No ‘Survivor’-size hits, but nets stem erosion

Jul 15, 2002  •  Post A Comment

While none of the broadcast networks can yet claim a ratings bonanza akin to “Survivor’s” or “Fear Factor’s” this summer, Fox, NBC and CBS have found ways to stem viewer erosion with new reality series.
With NBC and Fox aggressively scheduling their overall summer prime-time lineups with 40 percent original programming, their new “Dog Eat Dog” and “American Idol” reality series, respectively, have each network either holding down ratings declines to single-digit percentages or maintaining position among the key young adults demographics.
“The whole strategy is to get as much viewers back to TV for the summer and for them to see our promos to come back in the fall,” said Mitch Metcalf, NBC Entertainment’s executive VP of program planning and scheduling. “We’re not going to commit suicide by not serving up repeats just to blunt the cable networks’ efforts, because our focus is to remain cost-efficient in the summer [with original reality series] as well as remaining competitive into the fall.”
Preston Beckman, Fox’s executive VP of program planning and scheduling, said Fox is using a similar strategy.
“What we have done in terms of staying even in some demos and growing in adults 18 to 34 is pretty remarkable, because the other [broadcast] networks are largely down in most of the key demographics,” Mr. Beckman said. “The bottom line is that every move we’ve made this summer has increased our circulation as well as our scheduling options” when it comes to using “American Idol” and other summer reality series to fill scheduling gaps next season.
“American Idol,” a “Star Search”-like competition melded with a “Gong Show”-like format, has been the closest thing to a breakout series Fox has had during the past several years. Tuesday airings of “American Idol” average a top-ranked 4.8 rating among the key adults 18 to 49 demographic. Additional airings on Wednesday nights for “Idol,” however, have been averaging somewhat lower mid-4 ratings-bringing it down to a 4.6 rating average in the key demo over the two nights it has aired for its first five weeks.
Still, factoring in Fox’s other debuting summer reality series, “Looking for Love: Bachelorettes in Alaska” (2.8 rating) and “Beyond Belief” (2.0 rating), Fox has been able to maintain its year-to-year prime-time position-including its repeat programming-among adults 18 to 49 as the five other major broadcast networks have registered slight decreases.
NBC’s extreme “Dog Eat Dog” stunts competition, which has been averaging a top-ranked 4.7 rating in adults 18 to 49 and just over 10 million viewers for its 9 p.m. Monday airings, has kept the network in its season-long front-running position in adults 18 to 49. It has also helped that NBC’s “Crime & Punishment” (3.3 rating) and “Spy TV” (3.3 rating) have given the network three of the five top-ranked reality series this summer.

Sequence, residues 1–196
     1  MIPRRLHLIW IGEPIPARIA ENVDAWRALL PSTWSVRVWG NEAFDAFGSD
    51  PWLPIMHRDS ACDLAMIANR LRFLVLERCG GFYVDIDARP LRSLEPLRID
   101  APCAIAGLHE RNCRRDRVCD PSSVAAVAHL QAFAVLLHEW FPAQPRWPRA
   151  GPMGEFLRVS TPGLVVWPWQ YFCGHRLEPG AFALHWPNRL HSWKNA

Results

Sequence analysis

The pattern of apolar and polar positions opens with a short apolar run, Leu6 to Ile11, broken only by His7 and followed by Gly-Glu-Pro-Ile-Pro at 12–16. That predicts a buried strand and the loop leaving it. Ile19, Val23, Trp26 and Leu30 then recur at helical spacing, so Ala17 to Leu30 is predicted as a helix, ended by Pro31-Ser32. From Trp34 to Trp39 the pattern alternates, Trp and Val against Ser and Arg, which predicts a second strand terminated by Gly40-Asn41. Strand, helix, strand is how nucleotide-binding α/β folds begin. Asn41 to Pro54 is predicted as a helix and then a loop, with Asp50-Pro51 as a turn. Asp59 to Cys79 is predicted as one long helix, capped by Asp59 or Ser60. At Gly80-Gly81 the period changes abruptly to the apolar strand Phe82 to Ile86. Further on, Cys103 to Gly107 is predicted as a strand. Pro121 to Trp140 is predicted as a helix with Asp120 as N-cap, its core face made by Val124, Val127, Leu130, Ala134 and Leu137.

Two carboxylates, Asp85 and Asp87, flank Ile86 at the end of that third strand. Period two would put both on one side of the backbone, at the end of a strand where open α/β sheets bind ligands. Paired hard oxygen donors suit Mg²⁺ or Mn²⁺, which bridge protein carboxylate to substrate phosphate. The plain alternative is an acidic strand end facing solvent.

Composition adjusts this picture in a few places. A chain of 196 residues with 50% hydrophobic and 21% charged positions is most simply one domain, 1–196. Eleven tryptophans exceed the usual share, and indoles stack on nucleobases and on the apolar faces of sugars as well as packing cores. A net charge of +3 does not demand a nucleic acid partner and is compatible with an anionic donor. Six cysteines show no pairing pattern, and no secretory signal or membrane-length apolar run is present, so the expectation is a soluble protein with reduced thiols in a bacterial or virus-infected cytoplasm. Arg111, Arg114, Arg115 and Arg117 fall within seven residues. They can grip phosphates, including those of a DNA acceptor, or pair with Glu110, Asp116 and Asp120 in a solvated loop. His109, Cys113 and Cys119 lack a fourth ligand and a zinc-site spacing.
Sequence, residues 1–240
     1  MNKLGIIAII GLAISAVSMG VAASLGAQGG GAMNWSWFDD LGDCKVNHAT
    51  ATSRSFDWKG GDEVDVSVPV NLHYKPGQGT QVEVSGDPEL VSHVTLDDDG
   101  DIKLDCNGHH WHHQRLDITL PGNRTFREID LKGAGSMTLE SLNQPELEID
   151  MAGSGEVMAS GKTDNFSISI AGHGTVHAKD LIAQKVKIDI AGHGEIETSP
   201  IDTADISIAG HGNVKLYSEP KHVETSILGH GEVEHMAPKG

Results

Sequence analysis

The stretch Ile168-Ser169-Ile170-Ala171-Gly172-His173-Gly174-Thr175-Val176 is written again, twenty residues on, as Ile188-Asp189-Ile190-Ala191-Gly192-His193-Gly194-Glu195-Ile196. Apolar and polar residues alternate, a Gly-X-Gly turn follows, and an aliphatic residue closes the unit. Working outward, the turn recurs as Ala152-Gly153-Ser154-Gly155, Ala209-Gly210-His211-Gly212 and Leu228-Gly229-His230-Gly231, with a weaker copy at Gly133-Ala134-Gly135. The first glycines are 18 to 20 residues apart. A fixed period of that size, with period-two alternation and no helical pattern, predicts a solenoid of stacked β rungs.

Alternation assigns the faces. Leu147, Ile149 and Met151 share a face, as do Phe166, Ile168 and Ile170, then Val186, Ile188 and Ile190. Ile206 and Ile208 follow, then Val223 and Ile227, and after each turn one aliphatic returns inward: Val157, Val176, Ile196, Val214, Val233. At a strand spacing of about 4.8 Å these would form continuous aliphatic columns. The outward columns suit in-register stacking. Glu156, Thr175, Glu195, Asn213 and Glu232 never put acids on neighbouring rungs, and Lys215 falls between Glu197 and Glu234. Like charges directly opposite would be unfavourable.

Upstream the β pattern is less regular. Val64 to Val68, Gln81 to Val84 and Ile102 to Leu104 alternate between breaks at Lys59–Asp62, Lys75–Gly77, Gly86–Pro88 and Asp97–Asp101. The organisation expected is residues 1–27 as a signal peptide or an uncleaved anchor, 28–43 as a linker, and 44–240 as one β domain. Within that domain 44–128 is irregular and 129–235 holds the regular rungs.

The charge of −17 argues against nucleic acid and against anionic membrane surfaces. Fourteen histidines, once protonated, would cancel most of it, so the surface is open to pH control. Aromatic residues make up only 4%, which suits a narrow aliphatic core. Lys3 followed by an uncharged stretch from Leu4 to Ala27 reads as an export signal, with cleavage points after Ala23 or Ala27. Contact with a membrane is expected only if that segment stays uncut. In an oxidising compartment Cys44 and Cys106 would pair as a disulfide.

Even CBS, which has seen its series such as “CSI,” “Everybody Loves Raymond” and “Becker” hold up in repeats among total viewers and households, got a big boost from “Big Brother 3’s” premiere last Wednesday, when it tied “American Idol” at a 4.1 rating/12 share scores in adults 18 to 49.
Nevertheless, a summer-to-date ratings analysis from ad-buying giant Initiative Media North America highlighted Nielsen Media Research data that pointed to a 43.3 percent viewer share for the seven broadcast networks in June. In addition to reaching a historic low for the month, the broadcast networks held a 25 percent disadvantage to the basic cable network universe’s 57.5 percent share of all TV viewers.
While largely crediting NBC and Fox for launching more original unscripted reality series, Initiative’s Stacey Lynn Koerner said the cable networks’ “aggressive stance” on launching new scripted dramas and comedies (such as USA Network’s “Dead Zone” and Comedy Central’s “Crank Yankers”) has created a “sizable creative, qualitative and competitive advantage” this summer.
“The broadcast networks have been more aggressive in launching new unscripted series, but there still seems to be a perception gap with viewers who think there is more of a smorgasbord of new quality scripted series to be found on the cable networks,” said Ms. Koerner, Initiative’s senior VP and director of broadcast research. “Undoubtedly, reality series are considered cheaper [and] cost-effective by the broadcast networks in the summer, but holding all of their original scripted series for the regular season creates the impression there is less to watch on broadcast during the summer.”
With the exception of NBC’s planned four-episode network run of “She Spies” for 10 p.m. Saturday nights starting July 20 (in advance of the drama’s subsequent launch in syndication), NBC and Fox are debuting more lower-cost alternative series this summer.
And the broadcast networks aren’t done introducing new alternative series this summer.
NBC will roll out over the next few weeks “Meet My Folks,” a hybrid reality/game show in which male and female courtiers are put to the marital test-including such antics as facing lie detector tests-by future in-laws (a la the film “Meet My Parents”); “The Rerun Show,” an unusual hybrid scripted/improv series; and “Love Shack,” a single guy/girl relationship series where pairs of opposite-sex suitors will attempt to break their bond and can be “voted” out of the “shack.” Fox this Wednesday night will debut two alternative series “30 Seconds to Fame” and “Meet the Marks.”